on August 27, 2013 - 7:34 PM
Jan. 10, 1943 – Aug. 26, 2013
Vincent Illos, a pioneer in professional piano restoration, died Monday at his home in Eggertsville. He was 70.
Mr. Illos, who also went by Jim, was born in Buffalo, where he attended Holy Angels Grammar School and Grover Cleveland High School. From 1964 to 1970, he served as a medic in the Army National Guard’s 243rd Medical Unit.
He began his career working in a piano store, where he learned to tune the instruments. He later would say, “I saw the opportunity, and the opportunity created the interest,” and in 1961 he started his own business, Illos Piano Restorations and Music Center, which is now on Main Street and managed by his son, Joseph.
“He wanted to be known as a friend to musicians. Everybody knows him,” said Buffalo pianist Joe Brancato, who teaches piano lessons in space at Mr. Illos’ shop. “They either bought a piano from him, or he tuned their pianos or repaired them. He was a friend, a great guy, and a helluva tuner – he could talk to you while he was tuning.”
Mr. Illos went on to service and repair the pianos for the Buffalo Philharmonic Orchestra at Kleinhans Music Hall and for the University at Buffalo, and prepared instruments for such visiting artists as Arthur Rubinstein, Glenn Gould, Aaron Copland, Vladimir Horowitz and Leonard Bernstein.
He was called upon to restore pianos for display at the Metropolitan Museum of Art in New York, Shea’s Performing Arts Center, the Roycroft Inn and the Darwin Martin House, along with working for dozens of school districts, churches, organizations and individuals in Western New York and around the country.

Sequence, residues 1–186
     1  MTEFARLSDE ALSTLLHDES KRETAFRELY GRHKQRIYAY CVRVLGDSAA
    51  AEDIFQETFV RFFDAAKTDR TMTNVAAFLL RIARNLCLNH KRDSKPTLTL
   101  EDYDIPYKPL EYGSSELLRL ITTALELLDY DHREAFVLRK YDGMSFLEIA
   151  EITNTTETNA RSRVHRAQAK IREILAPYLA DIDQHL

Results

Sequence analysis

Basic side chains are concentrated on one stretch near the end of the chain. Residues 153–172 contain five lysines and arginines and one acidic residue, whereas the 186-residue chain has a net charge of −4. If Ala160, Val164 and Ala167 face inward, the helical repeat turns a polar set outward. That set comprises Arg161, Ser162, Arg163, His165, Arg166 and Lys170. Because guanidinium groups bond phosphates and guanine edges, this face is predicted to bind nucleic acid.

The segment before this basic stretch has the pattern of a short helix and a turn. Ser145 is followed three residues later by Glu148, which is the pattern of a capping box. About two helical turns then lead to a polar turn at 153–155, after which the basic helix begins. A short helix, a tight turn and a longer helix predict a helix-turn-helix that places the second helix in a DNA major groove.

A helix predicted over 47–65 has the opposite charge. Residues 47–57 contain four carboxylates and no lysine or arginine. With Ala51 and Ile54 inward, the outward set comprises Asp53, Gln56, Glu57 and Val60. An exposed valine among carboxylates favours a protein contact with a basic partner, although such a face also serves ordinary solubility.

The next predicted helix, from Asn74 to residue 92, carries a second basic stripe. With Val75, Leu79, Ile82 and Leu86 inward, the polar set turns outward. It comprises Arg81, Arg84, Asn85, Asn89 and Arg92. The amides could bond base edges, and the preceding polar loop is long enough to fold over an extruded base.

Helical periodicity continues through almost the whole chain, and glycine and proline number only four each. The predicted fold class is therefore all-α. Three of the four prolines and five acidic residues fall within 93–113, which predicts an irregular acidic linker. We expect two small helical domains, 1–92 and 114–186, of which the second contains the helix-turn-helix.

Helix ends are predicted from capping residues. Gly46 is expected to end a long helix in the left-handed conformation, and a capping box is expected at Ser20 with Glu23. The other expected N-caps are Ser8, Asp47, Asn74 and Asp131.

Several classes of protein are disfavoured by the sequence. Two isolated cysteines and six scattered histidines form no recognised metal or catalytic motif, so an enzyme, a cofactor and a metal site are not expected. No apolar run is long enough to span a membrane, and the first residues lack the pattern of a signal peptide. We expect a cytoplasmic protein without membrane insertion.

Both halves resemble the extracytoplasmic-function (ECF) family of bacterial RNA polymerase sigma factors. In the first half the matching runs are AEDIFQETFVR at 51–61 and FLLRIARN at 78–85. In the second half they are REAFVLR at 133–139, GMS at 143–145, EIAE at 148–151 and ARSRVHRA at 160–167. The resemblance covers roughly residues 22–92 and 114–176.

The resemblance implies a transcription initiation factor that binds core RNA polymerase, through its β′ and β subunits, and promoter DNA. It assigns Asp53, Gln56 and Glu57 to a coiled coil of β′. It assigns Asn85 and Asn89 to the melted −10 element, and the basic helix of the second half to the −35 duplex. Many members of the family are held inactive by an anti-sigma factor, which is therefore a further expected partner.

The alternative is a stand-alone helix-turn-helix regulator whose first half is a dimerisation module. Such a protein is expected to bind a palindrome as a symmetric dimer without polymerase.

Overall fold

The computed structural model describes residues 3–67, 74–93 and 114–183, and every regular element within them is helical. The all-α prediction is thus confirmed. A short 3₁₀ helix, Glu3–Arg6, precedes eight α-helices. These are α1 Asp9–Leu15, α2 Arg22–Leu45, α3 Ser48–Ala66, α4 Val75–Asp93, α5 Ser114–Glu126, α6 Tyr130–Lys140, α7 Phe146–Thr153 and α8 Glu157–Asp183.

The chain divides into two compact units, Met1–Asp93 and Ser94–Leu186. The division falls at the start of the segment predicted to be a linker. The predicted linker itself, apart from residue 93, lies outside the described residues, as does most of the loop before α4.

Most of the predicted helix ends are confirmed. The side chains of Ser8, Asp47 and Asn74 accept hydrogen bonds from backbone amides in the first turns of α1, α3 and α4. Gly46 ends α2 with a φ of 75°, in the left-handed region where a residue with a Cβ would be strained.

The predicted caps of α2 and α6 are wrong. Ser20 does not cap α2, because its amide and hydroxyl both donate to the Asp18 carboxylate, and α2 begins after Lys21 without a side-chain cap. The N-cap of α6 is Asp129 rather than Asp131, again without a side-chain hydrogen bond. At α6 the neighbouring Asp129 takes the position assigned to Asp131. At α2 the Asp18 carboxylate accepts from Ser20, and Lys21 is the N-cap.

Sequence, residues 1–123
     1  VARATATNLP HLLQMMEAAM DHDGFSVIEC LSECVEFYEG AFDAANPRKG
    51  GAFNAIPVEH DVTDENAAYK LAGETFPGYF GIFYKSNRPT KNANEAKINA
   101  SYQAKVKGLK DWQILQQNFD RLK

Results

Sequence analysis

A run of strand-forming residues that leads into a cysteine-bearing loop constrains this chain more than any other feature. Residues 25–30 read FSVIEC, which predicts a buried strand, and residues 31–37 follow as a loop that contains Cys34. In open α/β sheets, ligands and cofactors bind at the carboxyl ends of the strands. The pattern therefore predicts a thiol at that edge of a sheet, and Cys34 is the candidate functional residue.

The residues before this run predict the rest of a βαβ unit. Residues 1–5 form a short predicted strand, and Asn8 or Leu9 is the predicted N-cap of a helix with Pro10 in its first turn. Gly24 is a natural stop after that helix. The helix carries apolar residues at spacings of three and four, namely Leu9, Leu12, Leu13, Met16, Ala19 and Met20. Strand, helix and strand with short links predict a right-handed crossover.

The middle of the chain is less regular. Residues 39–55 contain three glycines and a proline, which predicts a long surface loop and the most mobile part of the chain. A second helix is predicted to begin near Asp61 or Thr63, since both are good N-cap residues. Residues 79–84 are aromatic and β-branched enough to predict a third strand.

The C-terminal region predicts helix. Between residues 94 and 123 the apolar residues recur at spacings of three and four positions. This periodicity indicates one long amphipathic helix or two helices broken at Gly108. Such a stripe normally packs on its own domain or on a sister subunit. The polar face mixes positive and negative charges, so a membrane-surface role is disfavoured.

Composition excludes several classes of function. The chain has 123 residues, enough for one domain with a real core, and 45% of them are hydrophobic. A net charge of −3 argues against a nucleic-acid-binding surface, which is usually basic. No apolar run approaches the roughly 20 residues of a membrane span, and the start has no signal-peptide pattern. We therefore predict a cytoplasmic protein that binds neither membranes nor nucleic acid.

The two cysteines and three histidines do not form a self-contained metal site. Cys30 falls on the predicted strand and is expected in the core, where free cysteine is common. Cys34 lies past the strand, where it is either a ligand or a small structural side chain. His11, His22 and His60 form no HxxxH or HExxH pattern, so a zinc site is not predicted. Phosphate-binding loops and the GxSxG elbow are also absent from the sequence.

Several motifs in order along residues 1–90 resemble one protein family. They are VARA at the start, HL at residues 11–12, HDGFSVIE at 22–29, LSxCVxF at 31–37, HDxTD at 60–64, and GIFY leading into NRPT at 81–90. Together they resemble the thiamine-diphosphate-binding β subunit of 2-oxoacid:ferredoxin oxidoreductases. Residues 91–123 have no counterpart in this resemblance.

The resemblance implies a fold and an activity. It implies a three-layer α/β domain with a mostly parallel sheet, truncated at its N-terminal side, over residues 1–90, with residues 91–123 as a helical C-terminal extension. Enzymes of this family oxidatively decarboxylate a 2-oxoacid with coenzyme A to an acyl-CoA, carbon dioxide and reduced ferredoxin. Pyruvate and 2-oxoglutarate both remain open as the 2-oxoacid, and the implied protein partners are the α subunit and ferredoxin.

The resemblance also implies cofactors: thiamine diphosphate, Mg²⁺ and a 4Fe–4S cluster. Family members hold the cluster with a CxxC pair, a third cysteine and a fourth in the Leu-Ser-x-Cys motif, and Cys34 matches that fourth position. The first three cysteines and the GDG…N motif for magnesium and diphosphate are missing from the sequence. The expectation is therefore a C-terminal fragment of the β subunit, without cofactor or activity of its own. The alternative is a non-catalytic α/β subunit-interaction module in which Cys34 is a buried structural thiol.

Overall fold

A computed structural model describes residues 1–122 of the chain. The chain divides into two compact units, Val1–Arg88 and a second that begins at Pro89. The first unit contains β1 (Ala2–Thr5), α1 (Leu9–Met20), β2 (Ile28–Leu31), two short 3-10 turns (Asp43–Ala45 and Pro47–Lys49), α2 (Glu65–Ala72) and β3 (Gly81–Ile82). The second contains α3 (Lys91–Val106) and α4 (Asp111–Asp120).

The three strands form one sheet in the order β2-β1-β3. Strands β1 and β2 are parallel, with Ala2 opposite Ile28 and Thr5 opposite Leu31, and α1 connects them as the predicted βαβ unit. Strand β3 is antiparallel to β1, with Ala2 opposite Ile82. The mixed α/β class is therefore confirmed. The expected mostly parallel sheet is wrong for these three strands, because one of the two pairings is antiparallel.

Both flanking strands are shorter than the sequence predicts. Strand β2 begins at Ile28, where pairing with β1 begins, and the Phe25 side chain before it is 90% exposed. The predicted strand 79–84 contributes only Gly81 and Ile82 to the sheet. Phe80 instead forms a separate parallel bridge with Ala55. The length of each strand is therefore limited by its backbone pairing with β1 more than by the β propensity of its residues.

He also shared his knowledge, teaching courses in the music department of UB and leading a seminar for the Boston Symphony’s technical staff. He was known for running a close-knit business, with employees staying with him for years.
While he had an incredible work ethic, his son said, he also enjoyed skiing and playing golf, and recently took up sailing, restoring a 32-foot sailboat earlier this year. His interest in world history informed his many travels, particularly to Europe.
Mr. Illos was a longtime advocate for women’s rights and an avid reader of immense curiosity.
In addition to his son, Mr. Illos is survived by his wife of 31 years, the former Mary Cusimano; four daughters, Andrea Brant, Jennifer Goetz, Elizabeth Tomasello and Tess Tomasello; a brother, Anthony; and two sisters, Theresa “Tootsie” Hutchens and Philomena DiPasquale.
A celebration of his life will be at 7 p.m. today in Amigone Funeral Home, 1132 Delaware Ave.